I decided to collect some fresh conferences to use in the course, so I emailed a handful of teachers. Whenever I decide to invite myself into a classroom, I have two prerequisites --
- The teacher won't panic and flip out and spend extra time getting ready for me.
- The teacher will be honest with me about their writing workshop habits and thoughts.
Today, two of the three teachers pushed me about the point of keeping conference notes. Both said a version of this:
I know where my students are as writers, so why should I write it down?
My inbox is filled with questions in the same vein.
How can I make a system that makes sense?
I have a hard time getting to my notes.
I forget to write down notes.
How do I take notes that are relevant?
How do I convince teachers notes really matter?
How do I know what's important to note?
(I have the best Email Pals who hit reply to this week's note and let me know their questions about keeping conference notes. If you have a question, leave it in the comments.)
I might have had a moment today when I thought, Is it important to keep conference notes?
After spending lots of time thinking (I drove more than 5 hours today), I feel the same way about conference notes tonight as I did when I woke up this morning.
- They help me make sure I meet with every kid. Not just the ones who need me, but all of them. Regularly.
- They keep me intentional and purposeful. They hold me to affirming and teaching in all conferences.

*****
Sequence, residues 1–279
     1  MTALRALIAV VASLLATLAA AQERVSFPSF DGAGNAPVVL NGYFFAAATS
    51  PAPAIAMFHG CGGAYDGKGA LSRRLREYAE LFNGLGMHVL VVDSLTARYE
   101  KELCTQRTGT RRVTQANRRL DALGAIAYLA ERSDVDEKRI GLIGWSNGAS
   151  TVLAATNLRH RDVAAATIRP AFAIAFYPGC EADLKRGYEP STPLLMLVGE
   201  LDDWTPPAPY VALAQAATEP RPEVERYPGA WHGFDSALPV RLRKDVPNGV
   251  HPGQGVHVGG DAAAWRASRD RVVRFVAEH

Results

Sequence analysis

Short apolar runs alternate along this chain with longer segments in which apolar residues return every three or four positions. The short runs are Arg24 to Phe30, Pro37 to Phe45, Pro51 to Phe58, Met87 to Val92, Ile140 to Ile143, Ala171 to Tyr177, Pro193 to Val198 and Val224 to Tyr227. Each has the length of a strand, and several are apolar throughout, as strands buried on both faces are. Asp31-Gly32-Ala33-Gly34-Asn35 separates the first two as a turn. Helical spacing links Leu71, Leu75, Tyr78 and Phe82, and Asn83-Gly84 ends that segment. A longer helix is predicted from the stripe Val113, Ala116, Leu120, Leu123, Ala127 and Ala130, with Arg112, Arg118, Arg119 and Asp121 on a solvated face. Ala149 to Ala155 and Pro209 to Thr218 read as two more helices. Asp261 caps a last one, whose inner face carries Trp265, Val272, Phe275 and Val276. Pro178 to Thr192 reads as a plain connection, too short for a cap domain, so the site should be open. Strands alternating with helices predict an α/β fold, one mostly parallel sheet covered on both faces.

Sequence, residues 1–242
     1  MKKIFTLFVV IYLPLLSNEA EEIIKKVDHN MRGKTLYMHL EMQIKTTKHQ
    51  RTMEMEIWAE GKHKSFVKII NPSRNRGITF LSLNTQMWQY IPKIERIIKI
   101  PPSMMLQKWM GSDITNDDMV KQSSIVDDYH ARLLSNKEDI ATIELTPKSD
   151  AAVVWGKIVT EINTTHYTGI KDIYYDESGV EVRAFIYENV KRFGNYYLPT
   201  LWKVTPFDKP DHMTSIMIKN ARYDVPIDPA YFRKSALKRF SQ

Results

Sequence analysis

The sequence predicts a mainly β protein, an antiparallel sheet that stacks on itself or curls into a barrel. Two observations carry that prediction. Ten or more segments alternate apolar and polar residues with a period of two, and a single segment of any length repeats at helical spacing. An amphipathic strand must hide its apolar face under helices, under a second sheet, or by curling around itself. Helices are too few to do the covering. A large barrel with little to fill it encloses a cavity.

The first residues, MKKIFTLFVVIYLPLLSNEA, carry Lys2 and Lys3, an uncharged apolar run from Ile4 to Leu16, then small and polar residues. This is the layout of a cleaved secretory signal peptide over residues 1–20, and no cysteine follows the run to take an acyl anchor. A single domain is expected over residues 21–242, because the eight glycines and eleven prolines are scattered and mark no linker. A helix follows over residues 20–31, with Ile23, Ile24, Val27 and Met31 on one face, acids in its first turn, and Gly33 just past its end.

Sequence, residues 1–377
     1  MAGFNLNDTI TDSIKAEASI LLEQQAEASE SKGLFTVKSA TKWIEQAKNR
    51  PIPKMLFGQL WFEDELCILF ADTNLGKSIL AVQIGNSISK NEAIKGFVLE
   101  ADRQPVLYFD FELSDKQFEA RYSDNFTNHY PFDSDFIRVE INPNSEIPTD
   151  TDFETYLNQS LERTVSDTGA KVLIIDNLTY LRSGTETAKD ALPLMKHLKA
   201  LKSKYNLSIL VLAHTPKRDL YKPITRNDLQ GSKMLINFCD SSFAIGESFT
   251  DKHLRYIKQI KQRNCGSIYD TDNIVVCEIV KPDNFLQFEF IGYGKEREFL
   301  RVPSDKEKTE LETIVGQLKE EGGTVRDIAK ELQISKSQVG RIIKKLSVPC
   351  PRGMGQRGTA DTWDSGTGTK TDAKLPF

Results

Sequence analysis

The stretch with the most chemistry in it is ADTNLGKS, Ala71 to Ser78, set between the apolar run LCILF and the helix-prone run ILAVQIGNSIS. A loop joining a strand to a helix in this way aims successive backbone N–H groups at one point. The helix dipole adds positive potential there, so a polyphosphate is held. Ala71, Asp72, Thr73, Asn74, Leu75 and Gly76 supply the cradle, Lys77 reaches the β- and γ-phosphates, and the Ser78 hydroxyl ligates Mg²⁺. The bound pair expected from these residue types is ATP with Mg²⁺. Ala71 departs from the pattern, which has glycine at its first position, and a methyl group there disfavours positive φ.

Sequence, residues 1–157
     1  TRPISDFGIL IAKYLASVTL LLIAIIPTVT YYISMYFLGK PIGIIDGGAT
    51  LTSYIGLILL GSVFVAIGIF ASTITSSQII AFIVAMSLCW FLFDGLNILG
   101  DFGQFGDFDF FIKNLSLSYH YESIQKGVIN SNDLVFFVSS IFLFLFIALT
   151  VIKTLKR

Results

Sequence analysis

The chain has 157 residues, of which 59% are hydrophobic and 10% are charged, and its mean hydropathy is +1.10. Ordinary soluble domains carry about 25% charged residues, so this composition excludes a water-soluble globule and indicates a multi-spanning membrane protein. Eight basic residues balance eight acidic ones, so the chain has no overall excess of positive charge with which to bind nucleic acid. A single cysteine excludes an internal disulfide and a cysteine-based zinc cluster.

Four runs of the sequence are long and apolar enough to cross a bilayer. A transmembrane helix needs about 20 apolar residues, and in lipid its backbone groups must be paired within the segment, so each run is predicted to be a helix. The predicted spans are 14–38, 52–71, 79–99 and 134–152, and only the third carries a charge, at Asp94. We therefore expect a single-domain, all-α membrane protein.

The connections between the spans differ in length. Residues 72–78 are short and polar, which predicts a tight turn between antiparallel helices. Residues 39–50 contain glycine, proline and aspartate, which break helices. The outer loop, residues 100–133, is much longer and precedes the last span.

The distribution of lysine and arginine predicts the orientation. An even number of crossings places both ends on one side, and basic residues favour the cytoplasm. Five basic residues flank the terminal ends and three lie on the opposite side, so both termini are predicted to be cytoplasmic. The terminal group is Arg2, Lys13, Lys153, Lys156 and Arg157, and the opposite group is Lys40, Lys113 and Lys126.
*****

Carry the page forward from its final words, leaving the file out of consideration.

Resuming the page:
- They prevent me from going in blind to a conference. After a couple of weeks, I've noted needs for every kid. Before a conference, I just look at the previous notes and I have an idea of what I'll teach.
- Let's face it, no matter how great we think our memories are, they fail. I go into the grocery store for three items, grab two things and can't remember the third item I needed. I don't remember where I put my car keys. I forget to turn in my mileage. We are human. We are teachers. Our brains are filled to the brim. There is no reason to use storage space on something I can write down.
Those are just the reasons that make me a stronger writing teacher. My real motivation for keeping conference notes is because they allow students to become stronger writers.
- They allow me to select the most pressing need for every kid. It's not always the first thing I think of and it isn't always the way the conference is leading. Conference notes force me to think through students needs and goals as writers and then make a decision to teach the writer during every conference.
- They offer evidence of growth. Through my conference notes, I know where students are in relationship to writing standards, as well as at different milestones in the year.
- They allow me to have a single writing conversation with students across time. Conferences are connected. Previous teaching points guide me in reteaching or affirming new learning. Accomplishing goals allows me to see the new needs. Conferring moves from a whim to an intentional teaching move.
- They provide patterns in the class. I can determine upcoming minilesson objectives or organize small groups for differentiated instruction.
- They become rich data sources for others in the school -- special education or high ability teachers; principals and RtI teams; as well as future teachers. We can work together instead of working harder to meet students' needs.
Leave a comment and let me know:
- Why do you think conference notes are important?
- What questions do you have about conference notes?
- A stellar title for me new course!